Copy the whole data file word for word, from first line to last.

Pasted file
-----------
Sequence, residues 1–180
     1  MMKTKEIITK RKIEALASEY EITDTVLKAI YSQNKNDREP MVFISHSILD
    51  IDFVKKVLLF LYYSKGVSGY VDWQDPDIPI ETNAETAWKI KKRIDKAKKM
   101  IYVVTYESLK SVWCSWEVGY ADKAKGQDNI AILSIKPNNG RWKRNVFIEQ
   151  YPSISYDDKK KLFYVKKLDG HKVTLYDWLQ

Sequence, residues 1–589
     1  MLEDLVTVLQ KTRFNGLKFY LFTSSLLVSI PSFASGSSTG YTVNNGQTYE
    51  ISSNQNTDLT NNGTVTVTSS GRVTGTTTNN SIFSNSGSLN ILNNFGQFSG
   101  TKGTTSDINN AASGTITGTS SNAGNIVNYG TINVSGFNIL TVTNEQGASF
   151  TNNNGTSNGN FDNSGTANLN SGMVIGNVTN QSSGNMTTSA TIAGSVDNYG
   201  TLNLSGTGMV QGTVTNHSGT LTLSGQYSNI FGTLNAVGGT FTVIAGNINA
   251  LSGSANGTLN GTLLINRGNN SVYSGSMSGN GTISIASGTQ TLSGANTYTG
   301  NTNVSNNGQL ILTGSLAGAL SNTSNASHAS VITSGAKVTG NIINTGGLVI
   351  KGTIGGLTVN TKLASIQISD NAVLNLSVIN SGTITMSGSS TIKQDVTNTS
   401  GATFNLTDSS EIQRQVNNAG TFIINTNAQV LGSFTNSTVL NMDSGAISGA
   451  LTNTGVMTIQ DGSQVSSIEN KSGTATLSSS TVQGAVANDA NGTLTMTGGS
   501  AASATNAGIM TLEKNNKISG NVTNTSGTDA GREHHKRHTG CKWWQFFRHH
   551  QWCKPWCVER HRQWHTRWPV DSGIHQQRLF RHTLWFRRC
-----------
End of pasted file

Sequence, residues 1–180
     1  MMKTKEIITK RKIEALASEY EITDTVLKAI YSQNKNDREP MVFISHSILD
    51  IDFVKKVLLF LYYSKGVSGY VDWQDPDIPI ETNAETAWKI KKRIDKAKKM
   101  IYVVTYESLK SVWCSWEVGY ADKAKGQDNI AILSIKPNNG RWKRNVFIEQ
   151  YPSISYDDKK KLFYVKKLDG HKVTLYDWLQ

Sequence, residues 1–589
     1  MLEDLVTVLQ KTRFNGLKFY LFTSSLLVSI PSFASGSSTG YTVNNGQTYE
    51  ISSNQNTDLT NNGTVTVTSS GRVTGTTTNN SIFSNSGSLN ILNNFGQFSG
   101  TKGTTSDINN AASGTITGTS SNAGNIVNYG TINVSGFNIL TVTNEQGASF
   151  TNNNGTSNGN FDNSGTANLN SGMVIGNVTN QSSGNMTTSA TIAGSVDNYG
   201  TLNLSGTGMV QGTVTNHSGT LTLSGQYSNI FGTLNAVGGT FTVIAGNINA
   251  LSGSANGTLN GTLLINRGNN SVYSGSMSGN GTISIASGTQ TLSGANTYTG
   301  NTNVSNNGQL ILTGSLAGAL SNTSNASHAS VITSGAKVTG NIINTGGLVI
   351  KGTIGGLTVN TKLASIQISD NAVLNLSVIN SGTITMSGSS TIKQDVTNTS
   401  GATFNLTDSS EIQRQVNNAG TFIINTNAQV LGSFTNSTVL NMDSGAISGA
   451  LTNTGVMTIQ DGSQVSSIEN KSGTATLSSS TVQGAVANDA NGTLTMTGGS
   501  AASATNAGIM TLEKNNKISG NVTNTSGTDA GREHHKRHTG CKWWQFFRHH
   551  QWCKPWCVER HRQWHTRWPV DSGIHQQRLF RHTLWFRRC